Thursday, October 24, 2013

The President of the European Commission, José Manuel Barroso, defended the " fundamental right " to respect privacy, and warning against "totalitarianism "

Paris, (Le | 
The President of the European Commission , José Manuel Barroso defended Thursday, October 24 the " fundamental right " to respect for privacy , warning against "totalitarianism " , after new revelations about the spying conducted by the Americans in Europe, notably revealed by Le Monde.

Read also: " NSA Spying : all documents published by Le Monde "

" The protection of privacy is very important for Europe ," Barroso said , when asked at a press conference ahead of the EU summit in Brussels . The President of the Commission also compared the NSA monitoring the situation in East Germany at the time of the GDR, " where the secret police spying on people daily "

" We know , very recently , that means totalitarianism. We know what happens when the state uses its powers to break into people's lives . "

The summit of European leaders opened Thursday afternoon in Brussels. Originally planned to be a top "routine" devoted especially to the digital economy , the meeting of Heads of State or Government is energized by the growing scandal monitoring their allies by the United States.

Read also: " The magnitude of the global spying by the NSA "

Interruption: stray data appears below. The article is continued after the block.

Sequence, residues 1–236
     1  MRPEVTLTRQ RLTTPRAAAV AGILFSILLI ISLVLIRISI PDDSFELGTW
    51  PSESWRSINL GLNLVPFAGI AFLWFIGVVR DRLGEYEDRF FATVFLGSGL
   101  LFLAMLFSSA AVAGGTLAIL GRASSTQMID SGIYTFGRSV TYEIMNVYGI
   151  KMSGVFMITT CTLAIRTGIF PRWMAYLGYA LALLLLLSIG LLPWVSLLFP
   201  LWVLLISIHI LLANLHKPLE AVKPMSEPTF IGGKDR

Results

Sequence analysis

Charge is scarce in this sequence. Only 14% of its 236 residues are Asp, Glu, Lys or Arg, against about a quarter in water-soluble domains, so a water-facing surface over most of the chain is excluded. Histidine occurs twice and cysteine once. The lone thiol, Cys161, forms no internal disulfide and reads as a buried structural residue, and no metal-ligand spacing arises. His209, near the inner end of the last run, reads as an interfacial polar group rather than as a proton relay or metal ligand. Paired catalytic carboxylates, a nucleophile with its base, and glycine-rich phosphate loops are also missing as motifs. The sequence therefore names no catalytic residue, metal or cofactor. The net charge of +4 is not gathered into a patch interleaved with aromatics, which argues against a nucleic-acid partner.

On Wednesday, the German government revealed that the mobile phone of Chancellor Angela Merkel had been monitored. The spokesman for the Chancellor said that " the federal government had received information that the mobile phone of the Chancellor was tapped by U.S. services." Suspicions sufficiently credible to Angela Merkel called Barack Obama, who has denied the charges.

The Chancellor has also raised the case upon arrival in Brussels in mid -afternoon , during a bilateral meeting with Francois Hollande, " to coordinate their response ." " Espionage friends, it will not ," insisted the Chancellor , who recalled that this case monitoring " for all citizens ."


These findings chain involved after the first revelations of Edward Snowden spring on the extensive system of U.S. cyber surveillance. However, the Europeans have so far shown no unity against this scandal. And for good reason : not only intelligence matters remain a national responsibility , but espionage is practiced between countries of the European Union.

The journalist Glenn Greenwald, owner of the files entrusted to him by Edward Snowden , said the Italians had been touted not only by the American services , but also by the British. Another sign of the inability of Europeans to show a united front, their differences on the draft law on the protection of data presented there several months by the European Commission.

"Now we must act , not just make statements ," on Thursday launched the European Justice Commissioner , Viviane Reding, calling on European leaders to ensure that the reform is adopted " by spring 2014 ." Including Brussels hopes that large groups of the Internet to obtain the prior consent of the use of their personal data, fines .